The new larger phones are expected to sell out by the end of opening weekend as Apple scrambles to get more inventory into stores.
"This will be the biggest iPhone launch since the introduction of the first iPhone," said Tim Bajarin, an analyst with Creative Strategies.
Aubrey Nelson, 35, says she plans to pre-order the iPhone 6. She already sold her iPhone 4s on Gazelle for $105.
"I'm perplexed by the move to wait in line for days or hours for a phone that can be pre-ordered online. It's a bit ironic that those craving the latest tech don't take advantage of it when buying the tech itself," said Nelson of Burbank, Calif., who works in human resources.
'Coveted new toy'
"I'll be up late tonight, albeit in the comfort of my bed, watching and waiting for that midnight drop," she said. "My credit card information stored in my trusty MacBook for expedited ordering. Coffee on my nightstand lest I succumb to the sandman's subtle attempts to sabotage my goal of attaining my coveted new toy."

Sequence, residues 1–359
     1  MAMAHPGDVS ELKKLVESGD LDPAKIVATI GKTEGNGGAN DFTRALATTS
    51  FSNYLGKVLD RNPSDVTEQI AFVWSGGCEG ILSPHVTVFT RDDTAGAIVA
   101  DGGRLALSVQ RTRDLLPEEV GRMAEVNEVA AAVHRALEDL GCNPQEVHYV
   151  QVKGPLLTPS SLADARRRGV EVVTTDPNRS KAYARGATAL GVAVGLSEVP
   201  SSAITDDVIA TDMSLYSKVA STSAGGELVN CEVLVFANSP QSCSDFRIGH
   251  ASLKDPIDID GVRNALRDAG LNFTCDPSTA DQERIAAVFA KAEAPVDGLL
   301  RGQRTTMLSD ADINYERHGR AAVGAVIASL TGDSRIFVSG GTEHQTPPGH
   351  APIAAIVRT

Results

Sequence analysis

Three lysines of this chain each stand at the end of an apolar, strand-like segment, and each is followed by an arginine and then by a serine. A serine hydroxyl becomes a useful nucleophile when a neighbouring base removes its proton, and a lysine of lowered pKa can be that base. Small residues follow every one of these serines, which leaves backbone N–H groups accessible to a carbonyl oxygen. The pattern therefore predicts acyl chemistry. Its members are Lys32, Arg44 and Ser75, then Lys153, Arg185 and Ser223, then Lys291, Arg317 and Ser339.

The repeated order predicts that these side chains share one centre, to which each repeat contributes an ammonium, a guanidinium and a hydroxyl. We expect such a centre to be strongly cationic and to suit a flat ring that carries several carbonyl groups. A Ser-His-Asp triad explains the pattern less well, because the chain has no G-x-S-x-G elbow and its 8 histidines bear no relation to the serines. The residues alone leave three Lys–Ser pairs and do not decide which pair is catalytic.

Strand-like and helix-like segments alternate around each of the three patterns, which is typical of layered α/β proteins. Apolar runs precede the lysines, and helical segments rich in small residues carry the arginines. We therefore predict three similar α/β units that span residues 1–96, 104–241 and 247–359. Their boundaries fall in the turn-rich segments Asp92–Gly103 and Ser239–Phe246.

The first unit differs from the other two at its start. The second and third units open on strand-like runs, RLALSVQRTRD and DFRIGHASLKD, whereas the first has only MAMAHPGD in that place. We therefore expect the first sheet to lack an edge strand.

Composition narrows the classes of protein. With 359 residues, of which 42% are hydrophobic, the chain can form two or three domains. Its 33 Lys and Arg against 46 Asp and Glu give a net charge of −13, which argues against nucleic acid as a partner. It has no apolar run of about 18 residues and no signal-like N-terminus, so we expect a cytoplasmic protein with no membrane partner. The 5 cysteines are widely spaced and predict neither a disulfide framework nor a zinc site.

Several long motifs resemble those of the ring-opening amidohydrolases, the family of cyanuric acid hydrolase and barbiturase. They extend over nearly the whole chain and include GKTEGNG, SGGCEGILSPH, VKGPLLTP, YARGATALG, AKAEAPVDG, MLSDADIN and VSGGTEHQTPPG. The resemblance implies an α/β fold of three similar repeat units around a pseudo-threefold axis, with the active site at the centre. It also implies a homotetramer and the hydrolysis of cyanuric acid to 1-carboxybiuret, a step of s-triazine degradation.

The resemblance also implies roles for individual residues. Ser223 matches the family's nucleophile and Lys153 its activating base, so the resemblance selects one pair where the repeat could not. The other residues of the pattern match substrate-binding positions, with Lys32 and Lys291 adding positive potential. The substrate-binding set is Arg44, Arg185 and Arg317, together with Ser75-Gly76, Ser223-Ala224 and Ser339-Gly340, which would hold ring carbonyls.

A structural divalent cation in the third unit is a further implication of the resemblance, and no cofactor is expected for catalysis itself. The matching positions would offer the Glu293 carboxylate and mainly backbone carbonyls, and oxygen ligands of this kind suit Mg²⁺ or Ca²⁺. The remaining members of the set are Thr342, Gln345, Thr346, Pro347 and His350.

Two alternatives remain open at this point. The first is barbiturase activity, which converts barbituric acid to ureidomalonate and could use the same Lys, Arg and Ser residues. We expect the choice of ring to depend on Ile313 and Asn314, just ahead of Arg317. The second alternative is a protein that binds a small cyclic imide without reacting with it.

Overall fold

Gene Munster, an analyst with Piper Jaffray, says people like Nelson will help Apple sell 92 million new iPhones by the end of the year. There are currently 300 million iPhones in use worldwide.
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Jamie Dunham, a 63-year-old brand strategist from Nashville, Tenn., says she's staying up until 2 a.m. CT so she can pre-order the iPhone 6.
She says she has been waiting since last October when her AT&T contract was up for renewal.
"I am a bit desperate. I have a 4s and it's on its last legs. I have been holding out on my contract to get the new iPhone 6," she said.